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Ivanka Trump Sued for Alleged ‘Unfair Competition’ by Clothing Rival

Ivanka Trump delivers a speech during the evening session on the fourth day of the Republican National Convention on July 21, 2016 at the Quicken Loans Arena in Cleveland, Ohio.
Joe Raedle | Getty Images
Ivanka Trump delivers a speech during the evening session on the fourth day of the Republican National Convention on July 21, 2016 at the Quicken Loans Arena in Cleveland, Ohio.

Ivanka Trump's clothing company has been hit with a class action lawsuit by a San Francisco rag trade rival who claims she is cashing in on her pop being president of the United States.

Modern Appealing Clothing (MAC) says the first daughter 's firm has also gained an "unfair advantage" from from her husband Jared "working for the President of the United States" and charged that President Trump, his trusted adviser Kellyanne Conway, and White House spokesman Sean Spicer have all helped boost sales of Ivanka Trump Marks LLC products.

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"That advantage is specifically prohibited by the Constitution and laws of the United States and the law of the State of California," MAC claimed in court documents filed last week in San Francisco Superior Court and first obtained by the International Business Times.

Ivanka Trump and her "employees and agents have" been "exploiting the power and prestige of the White House for personal gain, including, but not limited to, piggy-backing promotion of defendant Ivanka Trump products on appearances at executive branch and other governmental events."

MAC is seeking a restraining order that would bar any Ivanka Trump label clothing or accessories from being sold in California.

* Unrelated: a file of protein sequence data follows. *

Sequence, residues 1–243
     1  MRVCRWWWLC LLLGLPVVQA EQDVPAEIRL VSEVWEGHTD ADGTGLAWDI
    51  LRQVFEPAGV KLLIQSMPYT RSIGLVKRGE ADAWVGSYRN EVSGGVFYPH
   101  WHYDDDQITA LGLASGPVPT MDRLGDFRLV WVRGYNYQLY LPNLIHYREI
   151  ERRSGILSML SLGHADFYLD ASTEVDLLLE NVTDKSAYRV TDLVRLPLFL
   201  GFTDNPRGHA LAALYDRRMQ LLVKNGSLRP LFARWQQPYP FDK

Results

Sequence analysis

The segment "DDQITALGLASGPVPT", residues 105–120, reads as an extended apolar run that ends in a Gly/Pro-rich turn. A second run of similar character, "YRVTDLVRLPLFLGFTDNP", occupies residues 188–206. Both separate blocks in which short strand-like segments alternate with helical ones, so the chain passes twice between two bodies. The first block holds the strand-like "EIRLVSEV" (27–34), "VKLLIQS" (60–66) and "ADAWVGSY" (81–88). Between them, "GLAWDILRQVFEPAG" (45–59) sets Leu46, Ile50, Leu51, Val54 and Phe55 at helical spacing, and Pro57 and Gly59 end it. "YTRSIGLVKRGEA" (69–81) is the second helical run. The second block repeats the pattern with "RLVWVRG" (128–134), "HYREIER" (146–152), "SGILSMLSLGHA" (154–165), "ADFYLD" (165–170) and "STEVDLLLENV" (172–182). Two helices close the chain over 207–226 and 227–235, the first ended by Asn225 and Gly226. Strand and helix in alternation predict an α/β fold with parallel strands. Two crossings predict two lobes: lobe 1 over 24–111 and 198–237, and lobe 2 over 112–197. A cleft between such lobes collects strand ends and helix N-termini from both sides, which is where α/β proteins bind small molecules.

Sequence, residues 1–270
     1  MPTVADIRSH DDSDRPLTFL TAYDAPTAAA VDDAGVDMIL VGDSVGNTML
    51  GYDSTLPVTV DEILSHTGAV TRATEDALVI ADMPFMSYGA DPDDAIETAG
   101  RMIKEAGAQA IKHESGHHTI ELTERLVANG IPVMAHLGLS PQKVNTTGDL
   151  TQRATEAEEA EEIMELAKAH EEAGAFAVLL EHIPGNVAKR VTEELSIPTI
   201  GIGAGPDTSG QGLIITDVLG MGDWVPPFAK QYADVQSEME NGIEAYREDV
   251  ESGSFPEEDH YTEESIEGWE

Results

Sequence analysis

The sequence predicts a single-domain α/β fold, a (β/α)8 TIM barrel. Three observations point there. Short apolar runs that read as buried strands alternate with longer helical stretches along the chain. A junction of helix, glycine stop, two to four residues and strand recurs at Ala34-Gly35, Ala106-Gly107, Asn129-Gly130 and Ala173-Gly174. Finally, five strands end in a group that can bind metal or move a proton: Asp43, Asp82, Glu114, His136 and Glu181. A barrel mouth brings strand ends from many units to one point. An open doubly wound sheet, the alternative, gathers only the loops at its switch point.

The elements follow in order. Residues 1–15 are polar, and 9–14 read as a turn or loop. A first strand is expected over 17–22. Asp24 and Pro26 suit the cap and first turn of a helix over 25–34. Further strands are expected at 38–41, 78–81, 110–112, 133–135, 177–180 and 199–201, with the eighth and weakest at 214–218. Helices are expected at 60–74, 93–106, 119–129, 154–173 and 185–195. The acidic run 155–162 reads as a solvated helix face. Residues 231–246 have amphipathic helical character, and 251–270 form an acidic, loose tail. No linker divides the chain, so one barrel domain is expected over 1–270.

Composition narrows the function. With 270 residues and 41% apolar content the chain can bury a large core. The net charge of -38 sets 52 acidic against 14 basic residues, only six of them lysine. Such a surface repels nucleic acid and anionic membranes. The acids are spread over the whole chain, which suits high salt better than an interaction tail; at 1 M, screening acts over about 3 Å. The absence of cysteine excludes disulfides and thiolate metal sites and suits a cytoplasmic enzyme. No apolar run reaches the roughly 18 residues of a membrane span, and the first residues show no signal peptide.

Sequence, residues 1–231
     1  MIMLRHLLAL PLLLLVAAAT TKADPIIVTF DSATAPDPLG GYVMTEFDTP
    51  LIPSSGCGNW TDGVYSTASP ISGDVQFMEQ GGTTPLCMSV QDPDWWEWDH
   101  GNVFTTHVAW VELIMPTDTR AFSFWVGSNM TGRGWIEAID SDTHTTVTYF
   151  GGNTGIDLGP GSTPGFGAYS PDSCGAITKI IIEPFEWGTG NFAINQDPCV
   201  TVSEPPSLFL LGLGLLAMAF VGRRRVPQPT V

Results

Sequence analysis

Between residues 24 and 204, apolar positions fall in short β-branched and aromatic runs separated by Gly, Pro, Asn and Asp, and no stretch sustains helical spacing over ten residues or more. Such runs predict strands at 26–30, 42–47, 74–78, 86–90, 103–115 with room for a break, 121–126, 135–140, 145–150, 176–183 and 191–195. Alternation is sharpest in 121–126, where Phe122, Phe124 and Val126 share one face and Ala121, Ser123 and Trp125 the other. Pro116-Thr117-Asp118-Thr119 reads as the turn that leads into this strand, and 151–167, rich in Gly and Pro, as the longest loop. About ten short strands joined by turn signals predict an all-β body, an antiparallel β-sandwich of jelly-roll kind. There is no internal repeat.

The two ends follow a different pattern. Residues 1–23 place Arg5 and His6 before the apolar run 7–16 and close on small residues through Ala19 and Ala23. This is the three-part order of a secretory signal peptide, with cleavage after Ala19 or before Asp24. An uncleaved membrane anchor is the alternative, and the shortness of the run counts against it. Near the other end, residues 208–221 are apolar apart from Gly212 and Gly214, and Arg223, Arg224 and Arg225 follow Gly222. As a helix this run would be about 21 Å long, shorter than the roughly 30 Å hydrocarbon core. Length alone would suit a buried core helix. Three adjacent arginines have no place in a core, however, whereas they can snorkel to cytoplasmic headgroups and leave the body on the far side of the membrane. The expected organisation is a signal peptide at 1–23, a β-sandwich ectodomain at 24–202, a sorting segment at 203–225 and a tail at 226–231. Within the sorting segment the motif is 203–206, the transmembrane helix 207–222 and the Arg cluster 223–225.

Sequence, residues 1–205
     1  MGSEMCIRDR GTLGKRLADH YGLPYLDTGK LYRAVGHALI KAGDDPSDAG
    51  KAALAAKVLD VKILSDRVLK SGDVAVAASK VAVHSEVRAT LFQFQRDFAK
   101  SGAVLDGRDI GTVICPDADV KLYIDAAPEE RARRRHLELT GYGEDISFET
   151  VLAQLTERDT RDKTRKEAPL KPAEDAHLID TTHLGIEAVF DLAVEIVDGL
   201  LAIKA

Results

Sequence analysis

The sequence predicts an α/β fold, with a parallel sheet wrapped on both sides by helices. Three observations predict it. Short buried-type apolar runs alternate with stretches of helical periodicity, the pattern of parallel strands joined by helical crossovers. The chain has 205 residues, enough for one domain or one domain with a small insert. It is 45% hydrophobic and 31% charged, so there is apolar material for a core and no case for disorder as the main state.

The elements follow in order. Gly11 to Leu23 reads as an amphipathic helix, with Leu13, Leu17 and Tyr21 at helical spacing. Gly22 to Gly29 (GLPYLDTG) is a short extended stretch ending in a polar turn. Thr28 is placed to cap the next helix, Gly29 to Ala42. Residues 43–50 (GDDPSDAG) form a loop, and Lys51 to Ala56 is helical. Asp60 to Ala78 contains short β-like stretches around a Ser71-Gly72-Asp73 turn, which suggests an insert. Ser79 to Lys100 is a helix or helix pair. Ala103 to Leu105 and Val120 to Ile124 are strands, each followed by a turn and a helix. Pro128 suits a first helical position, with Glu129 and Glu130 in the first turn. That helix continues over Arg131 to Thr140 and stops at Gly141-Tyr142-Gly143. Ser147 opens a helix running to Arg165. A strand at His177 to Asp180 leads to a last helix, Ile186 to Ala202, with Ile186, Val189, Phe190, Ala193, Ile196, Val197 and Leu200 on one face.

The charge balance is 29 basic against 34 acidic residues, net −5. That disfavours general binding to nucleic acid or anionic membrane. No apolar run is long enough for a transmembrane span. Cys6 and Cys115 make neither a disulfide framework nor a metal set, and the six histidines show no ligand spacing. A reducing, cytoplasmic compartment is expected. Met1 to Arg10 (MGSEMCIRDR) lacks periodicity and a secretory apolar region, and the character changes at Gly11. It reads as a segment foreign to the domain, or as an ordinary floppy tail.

"As a result of their unlawful acts, defendants have reaped and continue to reap benefits and illegal profits at the expense of plaintiff MAC and the Class it seeks to represent," the papers state.

In an email to NBC News, a rep for the Ivanka Trump brand declined to comment on the lawsuit.

The suit comes as the president's daughter stakes out an even closer position to her dad: Ivanka plans to join his team at the White House — although she won't be an official "staffer," a source familiar with the move told NBC News.

She won't have an official title or take a salary, but she will occupy an office on the second floor of the West Wing.

Her goal is to "create positive value," the source said, adding that the move is being planned in consultation with the Office of Government Ethics and White House attorneys.

Politico, which first reported the new role, said that Ivanka will serve as her father's "eyes and ears" and would subject herself to the same ethics rules as government employees.

"Having an adult child of the president who is actively engaged in the work of the administration is new ground," Ivanka Trump's lawyer, Jamie Gorelick, told Politico. "Our view is that the conservative approach is for Ivanka to voluntarily comply with the rules that would apply if she were a government employee, even though she is not."

Still, ethics questions have persisted for the Trump Administration. The president was accused of boosting his daughter's business by lashing out against Nordstrom when the retailer announced it was dropping Ivanka Trump's line because of dwindling sales.

And Conway ran afoul of the White House ethics office when she told Americans on a Fox News show last month "to go buy Ivanka's stuff."